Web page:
Greater Brighton can be a flagship city region leading the fight against climate change but needs more government support to unlock powers to take action.
That was the message from Greater Brighton’s spokesman on the environment as he closed a special conference on transitioning to a net zero carbon economy which attracted speakers from around the world.
Cllr Phelim MacCafferty, who is also Leader of Brighton & Hove City Council, told the conference:
“I really hope that the PM and the UK governments accelerate the pace and scale of change that is so urgently needed.
“We need political leaders working together at national and international levels to give our planet and our ecosystem a fighting chance.”
He added that time was not on the side for the battle nor were resources plentiful.
“Hence, we need to pool our capacity as a region, put our political differences to one aside and pull together to solve this climate crisis for the benefit of all our communities now and for future generations,” he said.
The Greater Brighton conference attracted an online audience of more than 200 including climate change experts, government officials, local environment groups and members of the public.
They were told that, without action on carbon emissions, temperatures were likely to continue to rise in the Greater Brighton area and winter rainfall would increase on average by 25 per cent with a corresponding decline in summer with dramatic effects on the environment.
Figures show that the people in the region averaged around 8,000 kilograms of carbon dioxide emission per person per year. This needed to drop drastically to around 3,000 to counter the effects of climate change.
But the conference heard that actions were already being taken that could make a difference. Among the initiatives outlined were:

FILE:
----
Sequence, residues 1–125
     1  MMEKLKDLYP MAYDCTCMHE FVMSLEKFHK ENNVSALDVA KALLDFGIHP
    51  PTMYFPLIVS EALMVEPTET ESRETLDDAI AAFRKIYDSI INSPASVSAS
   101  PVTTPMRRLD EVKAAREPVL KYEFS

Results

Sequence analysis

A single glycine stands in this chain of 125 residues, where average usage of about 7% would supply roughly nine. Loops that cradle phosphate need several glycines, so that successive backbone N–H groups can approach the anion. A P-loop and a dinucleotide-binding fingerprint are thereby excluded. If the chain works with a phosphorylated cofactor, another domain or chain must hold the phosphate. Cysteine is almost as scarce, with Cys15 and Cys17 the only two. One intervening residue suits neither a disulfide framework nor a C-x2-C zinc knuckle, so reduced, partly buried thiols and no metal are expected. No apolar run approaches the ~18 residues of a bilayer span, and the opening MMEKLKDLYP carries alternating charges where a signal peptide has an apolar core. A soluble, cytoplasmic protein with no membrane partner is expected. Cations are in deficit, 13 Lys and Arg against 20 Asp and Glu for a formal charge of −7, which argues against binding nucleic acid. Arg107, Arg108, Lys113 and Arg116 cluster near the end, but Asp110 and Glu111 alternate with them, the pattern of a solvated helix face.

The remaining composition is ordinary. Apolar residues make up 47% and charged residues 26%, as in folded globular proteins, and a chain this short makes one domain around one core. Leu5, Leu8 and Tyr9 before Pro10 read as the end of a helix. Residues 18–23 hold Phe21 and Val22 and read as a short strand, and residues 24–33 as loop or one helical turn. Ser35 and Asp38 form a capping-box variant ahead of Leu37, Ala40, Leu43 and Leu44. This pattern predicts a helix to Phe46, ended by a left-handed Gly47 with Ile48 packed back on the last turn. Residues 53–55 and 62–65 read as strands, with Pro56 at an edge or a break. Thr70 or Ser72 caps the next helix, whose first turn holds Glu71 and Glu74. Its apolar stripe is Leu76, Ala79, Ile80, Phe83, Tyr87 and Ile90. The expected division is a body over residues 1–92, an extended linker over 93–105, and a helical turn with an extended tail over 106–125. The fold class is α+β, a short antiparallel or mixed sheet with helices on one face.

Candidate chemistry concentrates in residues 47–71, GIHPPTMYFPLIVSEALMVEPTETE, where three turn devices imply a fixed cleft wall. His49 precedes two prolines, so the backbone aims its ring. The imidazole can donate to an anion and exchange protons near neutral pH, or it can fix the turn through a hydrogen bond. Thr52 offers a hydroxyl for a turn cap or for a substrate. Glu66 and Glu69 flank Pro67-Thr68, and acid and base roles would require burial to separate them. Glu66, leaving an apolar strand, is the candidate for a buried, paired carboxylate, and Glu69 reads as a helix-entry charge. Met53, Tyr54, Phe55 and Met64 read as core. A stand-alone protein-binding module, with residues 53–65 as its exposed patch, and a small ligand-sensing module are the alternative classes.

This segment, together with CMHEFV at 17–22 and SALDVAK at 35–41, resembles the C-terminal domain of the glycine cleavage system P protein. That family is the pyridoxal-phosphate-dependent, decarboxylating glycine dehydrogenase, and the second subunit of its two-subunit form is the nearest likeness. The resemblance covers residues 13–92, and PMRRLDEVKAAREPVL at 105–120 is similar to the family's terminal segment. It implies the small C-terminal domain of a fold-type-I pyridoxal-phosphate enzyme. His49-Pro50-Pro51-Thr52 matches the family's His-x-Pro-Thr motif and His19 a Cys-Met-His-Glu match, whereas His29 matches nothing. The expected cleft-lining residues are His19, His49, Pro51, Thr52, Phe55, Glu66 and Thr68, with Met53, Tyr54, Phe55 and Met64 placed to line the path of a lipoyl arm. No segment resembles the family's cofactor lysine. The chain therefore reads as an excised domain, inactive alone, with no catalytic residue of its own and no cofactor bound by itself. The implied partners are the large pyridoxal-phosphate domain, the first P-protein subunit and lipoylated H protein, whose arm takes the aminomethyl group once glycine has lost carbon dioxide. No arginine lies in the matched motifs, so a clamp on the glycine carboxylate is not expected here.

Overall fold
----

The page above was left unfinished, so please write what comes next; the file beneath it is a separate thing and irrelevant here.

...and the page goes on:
- Plans to create a Sussex Bay marine park restoring the kelp forest off the coast which captures carbon up to 100 times more effectively than trees
- Plans were developing to create a green hydrogen fuel hub at Shoreham Port using wind and wave power and cutting-edge technological work was underway at engineering company Ricardo creating carbon-free engines for the future
- Work ongoing to transform Brighton & Hove bus fleet from diesel to clean electric and hydrogen fuel. A similar initiative is taking place with Metrobus in Crawley
- Groundbreaking co-operation between the Universities of Brighton and Sussex to create an Innovation Centre for climate change technologies
- Work underway to create a Greater Brighton investment platform to attract support for new technologies, creating new jobs and opportunities
The conference heard from Andrea Durbin, Director of Planning and Sustainability at the City of Portland, Oregon on the US west coast which in the last two years has suffered record numbers of wildfires and soaring temperatures which killed 60 people.
“The time is now, we need to act now, the next few years really matter. Be bold, be quick, don’t hesitate and make a full commitment but do it in a way that really centres people,” she said.
The Greater Brighton city region covers an area from Selsey in the west to Newhaven in the east and as far north as Crawley. By working collaboratively it has brought significant investment into the region and is now positioning itself as a key leader in clean, sustainable growth.
A full recording of the conference can be found on YouTube or can be watched below: